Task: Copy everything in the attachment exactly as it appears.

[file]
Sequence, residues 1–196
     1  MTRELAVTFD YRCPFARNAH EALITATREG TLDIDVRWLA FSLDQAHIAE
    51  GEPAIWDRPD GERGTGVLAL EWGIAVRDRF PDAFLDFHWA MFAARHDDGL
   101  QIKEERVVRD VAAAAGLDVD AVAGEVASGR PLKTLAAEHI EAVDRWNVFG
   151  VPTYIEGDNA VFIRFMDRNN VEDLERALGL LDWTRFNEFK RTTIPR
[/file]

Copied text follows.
Sequence, residues 1–196
     1  MTRELAVTFD YRCPFARNAH EALITATREG TLDIDVRWLA FSLDQAHIAE
    51  GEPAIWDRPD GERGTGVLAL EWGIAVRDRF PDAFLDFHWA MFAARHDDGL
   101  QIKEERVVRD VAAAAGLDVD AVAGEVASGR PLKTLAAEHI EAVDRWNVFG
   151  VPTYIEGDNA VFIRFMDRNN VEDLERALGL LDWTRFNEFK RTTIPR